If you offered T.L. Ashford a penny for its thoughts about barcode implementation, it could give you a whole mint. The Royal Canadian Mint, that is.
That's because in Ottawa and Winnipeg, Canada, the Royal Canadian Mint has found new and exciting ways to implement barcode software in nearly every aspect of its production, using T.L. Ashford's iSeries barcode software. In fact, the Mint's creative use of barcodes has enabled it to cut production costs and improve productivity while better controlling inventory and streamlining the capture of job labor statistics.
The Royal Canadian Mint Makes Money the New-Fashioned Way
The Royal Canadian Mint is a for-profit Crown corporation, headquartered in Ottawa, Canada, with production facilities in Winnipeg. It's one of the largest and most elaborate minting operations in the world, employing more than 500 highly skilled individuals who are involved in all aspects of coin design, production, and marketing. Not only does the Royal Canadian Mint produce all of Canada's circulation coins, but it has manufactured circulation coins for over 60 other nations throughout the world. The Mint also designs an impressive array of extremely valuable collector coins in gold, silver, and platinum bullion. It addition, it produces custom medals, tokens, and trade dollars, while offering gold refinery and assay services to customers around the globe. Such a highly valuable inventory created by such a highly skilled group of employees requires a special kind of care when tracking materials, work orders, and labor statistics.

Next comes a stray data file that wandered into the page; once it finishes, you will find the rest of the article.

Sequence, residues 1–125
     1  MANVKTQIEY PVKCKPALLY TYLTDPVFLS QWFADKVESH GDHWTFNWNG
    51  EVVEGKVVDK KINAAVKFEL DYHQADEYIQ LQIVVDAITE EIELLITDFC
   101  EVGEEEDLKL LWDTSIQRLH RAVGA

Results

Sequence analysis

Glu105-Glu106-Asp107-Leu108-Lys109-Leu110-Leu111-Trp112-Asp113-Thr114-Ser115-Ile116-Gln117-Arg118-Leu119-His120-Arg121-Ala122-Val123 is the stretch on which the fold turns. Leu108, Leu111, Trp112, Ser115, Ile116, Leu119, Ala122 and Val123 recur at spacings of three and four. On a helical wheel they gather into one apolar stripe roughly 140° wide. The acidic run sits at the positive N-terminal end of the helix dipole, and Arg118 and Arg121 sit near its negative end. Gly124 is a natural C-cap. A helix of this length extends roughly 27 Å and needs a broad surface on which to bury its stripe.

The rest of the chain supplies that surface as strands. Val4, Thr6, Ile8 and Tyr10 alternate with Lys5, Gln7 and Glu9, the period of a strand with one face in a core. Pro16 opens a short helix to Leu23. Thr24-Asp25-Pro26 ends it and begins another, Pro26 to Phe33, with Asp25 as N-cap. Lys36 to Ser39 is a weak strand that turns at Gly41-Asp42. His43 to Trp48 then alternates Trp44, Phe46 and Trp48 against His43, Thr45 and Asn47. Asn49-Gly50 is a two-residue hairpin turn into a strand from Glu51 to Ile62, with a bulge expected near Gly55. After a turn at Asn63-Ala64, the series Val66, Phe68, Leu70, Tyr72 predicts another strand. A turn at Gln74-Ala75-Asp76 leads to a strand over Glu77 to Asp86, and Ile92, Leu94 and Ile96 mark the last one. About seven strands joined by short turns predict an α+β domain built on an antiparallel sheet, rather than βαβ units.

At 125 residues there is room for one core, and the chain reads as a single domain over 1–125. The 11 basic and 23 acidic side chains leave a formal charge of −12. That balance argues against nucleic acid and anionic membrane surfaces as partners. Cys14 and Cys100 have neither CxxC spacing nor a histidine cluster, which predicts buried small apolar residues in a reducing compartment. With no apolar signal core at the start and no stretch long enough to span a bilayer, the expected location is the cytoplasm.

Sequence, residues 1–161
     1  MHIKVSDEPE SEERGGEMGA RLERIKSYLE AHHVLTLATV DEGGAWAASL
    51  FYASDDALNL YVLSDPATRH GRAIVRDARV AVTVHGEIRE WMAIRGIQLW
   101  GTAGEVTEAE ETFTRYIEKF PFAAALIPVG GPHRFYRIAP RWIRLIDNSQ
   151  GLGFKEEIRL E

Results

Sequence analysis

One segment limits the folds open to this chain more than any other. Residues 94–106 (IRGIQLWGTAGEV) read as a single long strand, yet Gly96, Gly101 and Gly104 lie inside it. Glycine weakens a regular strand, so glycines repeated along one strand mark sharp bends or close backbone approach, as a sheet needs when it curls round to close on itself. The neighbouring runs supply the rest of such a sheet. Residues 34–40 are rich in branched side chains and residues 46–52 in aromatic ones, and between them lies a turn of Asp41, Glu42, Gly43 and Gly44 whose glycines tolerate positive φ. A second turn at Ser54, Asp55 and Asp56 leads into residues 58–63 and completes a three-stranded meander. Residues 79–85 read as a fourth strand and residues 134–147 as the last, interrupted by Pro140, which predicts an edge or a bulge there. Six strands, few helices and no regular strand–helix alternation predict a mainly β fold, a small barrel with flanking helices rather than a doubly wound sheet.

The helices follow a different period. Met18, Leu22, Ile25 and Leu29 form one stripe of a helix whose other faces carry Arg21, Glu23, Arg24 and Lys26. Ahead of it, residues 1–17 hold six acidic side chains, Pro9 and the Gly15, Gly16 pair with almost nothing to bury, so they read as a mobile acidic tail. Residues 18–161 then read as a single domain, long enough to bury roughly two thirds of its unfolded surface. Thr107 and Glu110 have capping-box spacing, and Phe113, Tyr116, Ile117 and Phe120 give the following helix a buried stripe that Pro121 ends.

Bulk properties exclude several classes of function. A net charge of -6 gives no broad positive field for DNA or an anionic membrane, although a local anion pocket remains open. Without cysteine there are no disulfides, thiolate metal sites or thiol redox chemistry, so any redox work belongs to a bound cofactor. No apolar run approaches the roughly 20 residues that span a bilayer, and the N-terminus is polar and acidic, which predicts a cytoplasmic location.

It's not surprising, then, that when the Mint began studying barcode systems to place into the production process, it chose to directly incorporate its information systems design with the IBM iSeries. And the barcode printing software that it selected was from Kentucky-based T.L. Ashford.
Anatomy of an Automated Minting Enterprise
The Royal Canadian Mint has a well-founded reputation for its modern, cost-effective business practices, and it has been using the well-established SSA BPCS ERP software on its iSeries platform to provide inventory control, work order scheduling, and financial accounting functions. However, as the requirements for accountability and efficiency have increased, so too have the requirements for up-to-the-minute operations information and control.
The Mint needed a means to rapidly and accurately capture operations data. This data needed to identify individual work orders and the associated materials as each design moved through its production processes. In addition, there was a need to more accurately track the labor hours and labor dollars to provide its cost accountants with the most realistic statistics. Why? When working in this highly skilled environment, even minor variances in inventory or labor can represent significant costs. So, if labor costs were more accurately identified, the Mint could use those figures to its competitive advantage when bidding on custom projects, while pinpointing opportunities to better streamline its entire operation.